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Episode Info

Episode Info:

“Give a man a fish and you feed him for a day; teach a man to fish and you feed him for a lifetime.”

We’ve all heard that expression, haven’t we? And it’s a great saying when it comes to the benefits of education and passing on the skills that have served you well. As entrepreneurs we want to help people, solve problems and pass on our knowledge, but there are times when we have to forget this phrase and just give people the fish. Let me explain.

Let’s say you’ve been having trouble with your car and you take it in to the garage to find out the problem. The mechanic has a look, a quick tinker under the bonnet, and then he hands you an overall and a spanner. Time for you to learn a little bit about car maintenance! You wouldn’t know what to think, would you? Sometimes we just want the fish and we’re happy to pay someone with more knowledge than us to help us out.

In the world of web, design and digital, it’s easy to think that our audience will share our enthusiasm for how things work and products and services that we find innovative. However, what you might find interesting, others may not. Therefore, when thinking of building a business around something, we need to keep in mind the audience, because there’s a risk of spending time, money, and energy on something that there is no market for. The idea that you have may solve a problem, but is it a problem that people are willing to pay to have solved; does it have broad enough appeal?

We need to understand their particular pain points and which of your services that they will value. Don’t start off by giving them your tools, give them an end to end experience of how your services could make them and their customers feel. Don’t start the other way around. If they want to know more about your tools and processes, then great, that’s something that you can discuss afterwards. Always show off the very best of your business with an end to end demonstration of how your service could solve clients’ particular problems.

A great example of this approach is Apple. The whole experience, from walking into the Apple Store to using your new MacBook for the first time, is a prime example of being given the fish. You don’t need to think about which graphics card, processor or operating system you want. You simply buy the computer and turn it on. Building a new PC, on the other hand, can feel like a lesson in big game fishing that not everyone wants or needs. The vast majority of people want a computer that allows them to do what they want with the minimum of fuss.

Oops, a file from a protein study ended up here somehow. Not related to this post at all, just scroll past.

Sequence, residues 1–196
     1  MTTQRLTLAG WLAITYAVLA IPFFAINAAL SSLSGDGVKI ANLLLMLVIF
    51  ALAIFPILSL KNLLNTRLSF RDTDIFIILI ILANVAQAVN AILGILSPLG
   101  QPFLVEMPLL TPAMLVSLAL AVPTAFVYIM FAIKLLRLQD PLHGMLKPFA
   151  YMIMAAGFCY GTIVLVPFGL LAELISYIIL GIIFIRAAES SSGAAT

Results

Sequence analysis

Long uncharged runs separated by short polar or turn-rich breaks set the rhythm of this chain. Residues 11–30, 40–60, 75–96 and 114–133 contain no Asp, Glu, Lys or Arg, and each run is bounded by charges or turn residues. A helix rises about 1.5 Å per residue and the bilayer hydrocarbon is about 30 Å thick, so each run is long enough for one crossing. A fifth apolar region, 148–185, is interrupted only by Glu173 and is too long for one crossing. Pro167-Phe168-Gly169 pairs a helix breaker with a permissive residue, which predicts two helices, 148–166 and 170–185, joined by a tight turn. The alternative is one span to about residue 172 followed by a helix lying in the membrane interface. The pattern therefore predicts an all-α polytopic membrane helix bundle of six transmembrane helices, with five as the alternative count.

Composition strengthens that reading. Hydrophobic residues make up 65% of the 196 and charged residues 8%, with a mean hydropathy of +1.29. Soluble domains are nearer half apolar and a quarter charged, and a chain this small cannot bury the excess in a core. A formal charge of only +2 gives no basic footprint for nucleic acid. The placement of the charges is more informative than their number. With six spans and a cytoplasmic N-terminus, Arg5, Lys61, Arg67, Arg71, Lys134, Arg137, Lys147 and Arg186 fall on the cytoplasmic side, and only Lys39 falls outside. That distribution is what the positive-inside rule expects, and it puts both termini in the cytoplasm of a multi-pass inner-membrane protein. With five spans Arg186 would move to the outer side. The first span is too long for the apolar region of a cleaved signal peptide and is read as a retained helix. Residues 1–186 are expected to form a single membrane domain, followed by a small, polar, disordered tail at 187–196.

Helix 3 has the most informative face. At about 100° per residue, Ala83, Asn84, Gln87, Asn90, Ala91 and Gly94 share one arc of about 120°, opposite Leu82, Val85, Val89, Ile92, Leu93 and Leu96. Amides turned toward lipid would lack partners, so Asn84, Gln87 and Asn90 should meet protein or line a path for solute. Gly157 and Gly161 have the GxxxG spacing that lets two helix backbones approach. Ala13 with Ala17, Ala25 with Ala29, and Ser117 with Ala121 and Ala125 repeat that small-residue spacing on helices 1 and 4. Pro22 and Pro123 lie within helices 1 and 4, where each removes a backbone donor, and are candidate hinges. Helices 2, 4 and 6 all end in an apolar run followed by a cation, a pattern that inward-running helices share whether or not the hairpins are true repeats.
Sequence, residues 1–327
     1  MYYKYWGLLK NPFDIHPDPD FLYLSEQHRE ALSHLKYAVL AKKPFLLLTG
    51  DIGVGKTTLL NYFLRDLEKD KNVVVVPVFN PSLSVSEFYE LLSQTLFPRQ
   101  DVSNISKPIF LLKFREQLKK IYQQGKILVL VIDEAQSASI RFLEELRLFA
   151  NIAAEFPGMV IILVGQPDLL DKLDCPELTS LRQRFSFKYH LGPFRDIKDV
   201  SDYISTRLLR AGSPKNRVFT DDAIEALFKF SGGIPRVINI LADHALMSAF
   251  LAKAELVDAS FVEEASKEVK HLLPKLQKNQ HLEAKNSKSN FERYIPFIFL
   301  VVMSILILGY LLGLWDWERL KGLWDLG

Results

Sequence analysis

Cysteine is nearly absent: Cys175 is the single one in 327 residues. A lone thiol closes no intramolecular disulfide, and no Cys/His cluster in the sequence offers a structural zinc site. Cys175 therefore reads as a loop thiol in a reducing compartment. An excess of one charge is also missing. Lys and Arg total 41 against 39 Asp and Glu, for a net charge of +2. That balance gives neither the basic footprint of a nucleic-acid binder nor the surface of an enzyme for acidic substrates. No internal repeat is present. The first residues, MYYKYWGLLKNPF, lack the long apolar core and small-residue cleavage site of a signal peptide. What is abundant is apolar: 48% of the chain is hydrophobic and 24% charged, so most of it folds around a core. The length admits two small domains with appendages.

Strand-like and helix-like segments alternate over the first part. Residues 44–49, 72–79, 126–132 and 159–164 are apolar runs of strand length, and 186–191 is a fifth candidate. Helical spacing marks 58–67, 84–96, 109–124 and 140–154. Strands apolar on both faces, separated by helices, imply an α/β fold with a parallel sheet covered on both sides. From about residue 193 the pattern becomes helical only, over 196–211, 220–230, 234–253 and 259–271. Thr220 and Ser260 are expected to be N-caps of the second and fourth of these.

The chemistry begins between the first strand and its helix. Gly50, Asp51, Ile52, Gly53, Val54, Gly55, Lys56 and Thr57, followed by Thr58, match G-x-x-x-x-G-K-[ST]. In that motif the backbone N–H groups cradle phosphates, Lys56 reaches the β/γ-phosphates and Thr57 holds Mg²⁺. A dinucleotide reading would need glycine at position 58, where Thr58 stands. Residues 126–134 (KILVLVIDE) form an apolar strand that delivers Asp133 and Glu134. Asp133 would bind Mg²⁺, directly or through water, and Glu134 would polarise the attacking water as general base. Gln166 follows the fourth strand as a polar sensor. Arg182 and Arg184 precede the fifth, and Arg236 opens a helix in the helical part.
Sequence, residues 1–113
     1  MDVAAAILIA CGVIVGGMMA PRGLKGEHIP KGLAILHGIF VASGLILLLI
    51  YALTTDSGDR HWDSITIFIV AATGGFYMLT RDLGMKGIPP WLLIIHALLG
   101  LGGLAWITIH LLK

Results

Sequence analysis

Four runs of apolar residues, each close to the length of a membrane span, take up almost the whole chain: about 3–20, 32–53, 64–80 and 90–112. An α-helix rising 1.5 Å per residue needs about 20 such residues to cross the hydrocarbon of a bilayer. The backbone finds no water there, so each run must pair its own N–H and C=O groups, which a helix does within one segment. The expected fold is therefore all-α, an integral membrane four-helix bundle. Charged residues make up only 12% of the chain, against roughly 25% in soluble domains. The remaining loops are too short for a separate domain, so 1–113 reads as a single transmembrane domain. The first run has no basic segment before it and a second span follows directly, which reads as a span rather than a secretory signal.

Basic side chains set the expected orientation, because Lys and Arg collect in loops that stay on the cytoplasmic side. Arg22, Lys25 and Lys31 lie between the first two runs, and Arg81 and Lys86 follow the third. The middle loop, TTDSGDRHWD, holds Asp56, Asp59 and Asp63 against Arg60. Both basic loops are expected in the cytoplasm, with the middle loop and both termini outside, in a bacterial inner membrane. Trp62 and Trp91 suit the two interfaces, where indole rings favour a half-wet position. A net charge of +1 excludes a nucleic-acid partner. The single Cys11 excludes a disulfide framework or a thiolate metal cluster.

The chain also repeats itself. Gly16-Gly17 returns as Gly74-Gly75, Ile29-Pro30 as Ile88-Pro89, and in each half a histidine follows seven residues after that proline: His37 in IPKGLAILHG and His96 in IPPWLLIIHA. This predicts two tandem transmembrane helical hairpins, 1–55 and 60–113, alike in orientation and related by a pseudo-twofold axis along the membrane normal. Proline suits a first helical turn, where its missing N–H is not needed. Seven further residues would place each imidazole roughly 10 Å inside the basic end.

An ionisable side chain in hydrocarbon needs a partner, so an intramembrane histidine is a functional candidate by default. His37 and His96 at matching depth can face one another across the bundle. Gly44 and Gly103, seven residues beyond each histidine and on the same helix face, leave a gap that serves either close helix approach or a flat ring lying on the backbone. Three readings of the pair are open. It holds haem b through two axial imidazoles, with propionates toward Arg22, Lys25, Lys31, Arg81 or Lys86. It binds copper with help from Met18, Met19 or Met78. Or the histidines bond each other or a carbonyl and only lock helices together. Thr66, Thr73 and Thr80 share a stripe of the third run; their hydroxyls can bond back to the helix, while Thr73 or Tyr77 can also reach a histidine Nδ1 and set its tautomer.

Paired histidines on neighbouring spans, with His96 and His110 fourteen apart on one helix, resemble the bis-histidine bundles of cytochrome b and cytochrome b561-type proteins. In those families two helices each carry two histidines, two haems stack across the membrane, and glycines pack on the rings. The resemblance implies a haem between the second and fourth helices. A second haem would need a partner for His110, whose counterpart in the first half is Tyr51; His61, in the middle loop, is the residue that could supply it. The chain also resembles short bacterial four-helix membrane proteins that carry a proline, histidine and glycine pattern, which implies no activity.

When dealing with clients, remember that while some people want to learn how things are done, most people just want to be given the fish!

Issue Challenged in this Small Business Podcast:

Which is the right approach with clients?

Actionable Tips:

  1. Ask customers what they really want. Let them tell you about their problems rather than pitching to them. Most people will say your idea is great just to be nice and not to hurt your feelings. Letting them discuss their specific problems is so much more valuable because you can then set out to provide tailored solutions. Ask as many people as you can so you can to start spotted trends.
  2. Learn whether they are willing to pay for it. You audience may complain about a particular problem, but is it big enough of a problem for them to actually pay for it?
  3. Give them the fish! Don’t try and teach anyone, don’t consult them on it, just give them the solution that will solve the problem that they are experiencing. Teach them how to use the solution, make the most of the solution but not how to build the solution.

Top Quotes:

  • “We pay for convenience, we pay for value: we pay to be given the fish.”
  • “We find an idea and we stick on it without talking to people and we end up creating a product or service that people don’t necessarily want or need. Or, we solve a problem that’s frankly not big enough a problem for them to pay for.”
  • “All of the biggest businesses that I know started out solving a very specific problem for a very specific set of people and then scaled up.”


Key Timestamps:

  • [00:24] Challenged Issue
  • [02:33] Enthusiasm & Validation
  • [08:15] Giving Them the Fish
  • [20:59] Actionable Tips

Don’t forget, the more you expect from yourself, the more you WILL excel!

The post Give Them the Fish appeared first on Excellence Expected, by Mark Asquith.

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